U.S. Sending Warship to Spain to Support NATO Missile Shield

Global Security Newswire Staff
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Global Security Newswire Staff
Jan. 31, 2014, 7:44 a.m.

A U.S. war­ship is ready­ing to de­part for Spain on Fri­day in ac­cord­ance with NATO plans to strengthen bal­list­ic-mis­sile de­fenses in Europe.

The USS Don­ald Cook will travel to its new home port of Rota, Spain, as part of the Obama ad­min­is­tra­tion’s “phased ad­apt­ive ap­proach” for European mis­sile de­fense. Three oth­er Ar­leigh Burke-class guided-mis­sile des­troy­ers are to be de­ployed to Rota with­in the next two years, the Pentagon said in a press re­lease.

“The U.S. has a his­tor­ic­ally strong part­ner­ship with Spain, and the strength of that re­la­tion­ship is ex­em­pli­fied today as the first of four U.S. Navy des­troy­ers de­parts for Rota, Spain,” Navy Sec­ret­ary Ray Mabus said in provided com­ments.  “Per­man­ently for­ward-de­ploy­ing four ships in Rota will en­able us to be in the right place, not just at the right time, but all the time.”

The oth­er three des­troy­ers tasked for field­ing in Spain are the USS Ross, USS Port­er and USS Car­ney. All of the ships are to be equipped with Ae­gis sys­tems and Stand­ard Mis­sile 3 Block 1B in­ter­cept­ors de­signed to de­feat short- and me­di­um-range bal­list­ic mis­sile threats.

The United States is in the second of three planned phases for de­ploy­ing an­ti­mis­sile as­sets in Europe. The ini­tial stage, com­pleted in 2012, in­volved the field­ing of an AN/TPY-2 radar in Tur­key and the stand­ing up of a com­mand-and-con­trol cen­ter in Ger­many. The U.S. mil­it­ary next plans to de­ploy more-cap­able Stand­ard Mis­sile 3 in­ter­cept­ors in Ro­mania in 2015 and in Po­land in 2018.

The stated pur­pose of the NATO mis­sile shield is to guard against po­ten­tial at­tacks launched from the Middle East, though Rus­sia is con­cerned there may be an ul­teri­or motive that could ef­fect­ively weak­en its nuc­le­ar-de­terrent force.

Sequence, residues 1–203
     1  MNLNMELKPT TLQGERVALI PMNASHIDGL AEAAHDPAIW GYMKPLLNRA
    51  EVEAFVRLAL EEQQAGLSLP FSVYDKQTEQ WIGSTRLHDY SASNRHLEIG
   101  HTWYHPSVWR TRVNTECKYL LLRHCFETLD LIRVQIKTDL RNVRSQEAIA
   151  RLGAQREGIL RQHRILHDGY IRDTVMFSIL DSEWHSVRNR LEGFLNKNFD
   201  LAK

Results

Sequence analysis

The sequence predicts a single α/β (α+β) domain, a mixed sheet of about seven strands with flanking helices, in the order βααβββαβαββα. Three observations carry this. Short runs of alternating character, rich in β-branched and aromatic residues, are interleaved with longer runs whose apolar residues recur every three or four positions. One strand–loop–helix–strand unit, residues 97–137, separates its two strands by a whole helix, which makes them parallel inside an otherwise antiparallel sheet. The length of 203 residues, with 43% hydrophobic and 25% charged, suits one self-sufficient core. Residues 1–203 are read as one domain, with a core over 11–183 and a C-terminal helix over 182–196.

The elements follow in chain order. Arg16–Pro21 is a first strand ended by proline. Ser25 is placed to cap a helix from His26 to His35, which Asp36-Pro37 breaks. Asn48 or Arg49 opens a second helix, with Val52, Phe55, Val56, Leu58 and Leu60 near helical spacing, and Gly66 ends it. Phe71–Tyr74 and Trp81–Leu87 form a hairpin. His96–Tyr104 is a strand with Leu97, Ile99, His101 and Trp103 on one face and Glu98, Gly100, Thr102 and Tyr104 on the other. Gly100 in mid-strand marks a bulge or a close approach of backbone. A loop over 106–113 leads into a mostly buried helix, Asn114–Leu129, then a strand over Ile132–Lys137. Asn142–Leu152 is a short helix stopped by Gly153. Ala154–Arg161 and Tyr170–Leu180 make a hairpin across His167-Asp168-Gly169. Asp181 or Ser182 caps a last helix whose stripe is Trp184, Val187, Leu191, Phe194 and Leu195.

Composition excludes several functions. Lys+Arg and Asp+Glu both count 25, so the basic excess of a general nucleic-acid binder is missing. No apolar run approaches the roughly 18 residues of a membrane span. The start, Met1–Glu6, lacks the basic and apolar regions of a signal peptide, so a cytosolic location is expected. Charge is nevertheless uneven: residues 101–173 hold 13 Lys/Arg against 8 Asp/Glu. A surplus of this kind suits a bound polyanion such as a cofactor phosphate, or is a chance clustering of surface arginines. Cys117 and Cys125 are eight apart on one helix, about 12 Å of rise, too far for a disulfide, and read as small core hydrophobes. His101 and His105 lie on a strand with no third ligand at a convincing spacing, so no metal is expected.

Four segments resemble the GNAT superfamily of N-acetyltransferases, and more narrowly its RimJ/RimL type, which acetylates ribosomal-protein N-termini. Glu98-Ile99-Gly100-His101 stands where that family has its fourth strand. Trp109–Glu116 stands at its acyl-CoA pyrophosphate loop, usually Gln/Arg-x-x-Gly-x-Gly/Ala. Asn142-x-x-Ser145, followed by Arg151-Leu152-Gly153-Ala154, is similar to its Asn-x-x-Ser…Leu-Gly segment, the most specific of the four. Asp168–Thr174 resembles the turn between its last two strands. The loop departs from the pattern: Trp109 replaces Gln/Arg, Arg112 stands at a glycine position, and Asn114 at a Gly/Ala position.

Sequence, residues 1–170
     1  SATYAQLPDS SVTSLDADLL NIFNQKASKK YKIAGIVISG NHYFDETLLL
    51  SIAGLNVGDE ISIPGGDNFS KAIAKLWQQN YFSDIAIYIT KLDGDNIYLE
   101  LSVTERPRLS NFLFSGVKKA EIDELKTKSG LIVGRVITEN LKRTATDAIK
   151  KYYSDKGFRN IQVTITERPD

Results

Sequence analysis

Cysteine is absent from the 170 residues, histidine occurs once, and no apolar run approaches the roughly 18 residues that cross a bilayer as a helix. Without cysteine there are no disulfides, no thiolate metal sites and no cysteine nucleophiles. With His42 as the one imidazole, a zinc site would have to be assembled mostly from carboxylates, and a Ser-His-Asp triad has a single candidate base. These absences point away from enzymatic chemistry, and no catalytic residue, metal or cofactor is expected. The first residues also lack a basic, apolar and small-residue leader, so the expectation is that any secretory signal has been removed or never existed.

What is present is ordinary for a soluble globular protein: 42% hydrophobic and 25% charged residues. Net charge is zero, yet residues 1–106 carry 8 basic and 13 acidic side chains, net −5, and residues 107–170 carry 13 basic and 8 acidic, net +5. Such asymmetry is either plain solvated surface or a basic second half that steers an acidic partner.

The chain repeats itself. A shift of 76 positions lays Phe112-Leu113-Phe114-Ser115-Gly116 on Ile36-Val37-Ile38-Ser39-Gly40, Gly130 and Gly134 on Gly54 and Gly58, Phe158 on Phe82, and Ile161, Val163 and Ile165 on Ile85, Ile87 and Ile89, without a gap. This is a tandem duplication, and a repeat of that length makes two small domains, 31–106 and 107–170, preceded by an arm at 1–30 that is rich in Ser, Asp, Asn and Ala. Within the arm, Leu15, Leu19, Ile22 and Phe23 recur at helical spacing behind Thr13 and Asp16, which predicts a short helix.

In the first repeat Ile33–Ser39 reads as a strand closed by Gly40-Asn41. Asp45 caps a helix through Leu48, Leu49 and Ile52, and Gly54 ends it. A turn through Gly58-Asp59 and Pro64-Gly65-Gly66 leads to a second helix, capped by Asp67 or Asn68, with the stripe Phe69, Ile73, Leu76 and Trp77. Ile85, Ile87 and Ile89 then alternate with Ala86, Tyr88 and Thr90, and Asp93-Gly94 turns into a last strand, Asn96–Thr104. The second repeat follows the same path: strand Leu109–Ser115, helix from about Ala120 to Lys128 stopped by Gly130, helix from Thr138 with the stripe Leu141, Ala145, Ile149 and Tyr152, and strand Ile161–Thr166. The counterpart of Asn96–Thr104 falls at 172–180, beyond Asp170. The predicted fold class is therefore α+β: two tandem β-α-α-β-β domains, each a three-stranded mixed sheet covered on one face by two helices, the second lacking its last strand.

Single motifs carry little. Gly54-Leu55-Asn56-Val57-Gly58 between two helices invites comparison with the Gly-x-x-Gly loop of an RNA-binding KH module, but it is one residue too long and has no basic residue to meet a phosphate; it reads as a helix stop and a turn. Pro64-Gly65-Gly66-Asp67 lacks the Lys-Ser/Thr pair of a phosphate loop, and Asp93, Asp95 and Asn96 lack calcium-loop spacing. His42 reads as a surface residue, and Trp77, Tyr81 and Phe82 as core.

In a Thursday vis­it to Po­land, U.S. De­fense Sec­ret­ary Chuck Hagel met with the coun­try’s top for­eign policy and de­fense lead­ers and prom­ised to de­ploy SM-3 in­ter­cept­ors at a base near the Balt­ic Sea coast in Redziko­wo.

“The United States is firmly com­mit­ted to de­ploy­ing a U.S. mis­sile de­fense sys­tem to Po­land,” Hagel was quoted in a Pentagon press story as say­ing in Warsaw. “We look for­ward to this sys­tem com­ing on­line in 2018 as part of phase three of the European Phased Ad­apt­ive Ap­proach.”

Wash­ing­ton twice be­fore dis­ap­poin­ted Warsaw by go­ing back on agree­ments to field in­ter­cept­ors in Po­land. The first time was in 2009 when the Obama ad­min­is­tra­tion threw out a Bush-era plan to field 10 Ground Based In­ter­cept­ors in the coun­try. The second in­stance was in 2013 when the Pentagon can­celed plans to de­vel­op and field in Redziko­wo the Stand­ard Mis­sile 3 Block 2B, which was en­vi­sioned as hav­ing a lim­ited cap­ab­il­ity to de­feat stra­tegic mis­siles.

Partly in re­sponse to those U.S. de­cisions, Po­land is pur­su­ing its own air de­fense sys­tem, which will be linked to the broad­er NATO shield but will have a fo­cus on pro­tect­ing against pos­sible lower-alti­tude mis­sile at­tacks. Rus­sia has re­peatedly threatened to field tac­tic­al Iskander bal­list­ic mis­siles in its Ka­lin­in­grad ex­clave, which bor­ders Pol­ish ter­rit­ory, if its con­cerns about the NATO mis­sile shield are not ad­dressed.

Warsaw has out­lined plans to spend as much as $8.4 bil­lion to build its mis­sile de­fense sys­tem and U.S. firms are eager to win some of those con­tracts.

“As Po­land ex­plores op­tions for its own mis­sile-de­fense cap­ab­il­it­ies, there is an un­mis­tak­able op­por­tun­ity for us both to forge even closer co­oper­a­tion in this area, lever­aging cut­ting-edge tech­no­logy and en­hanced NATO cap­ab­il­ity,” Hagel said.

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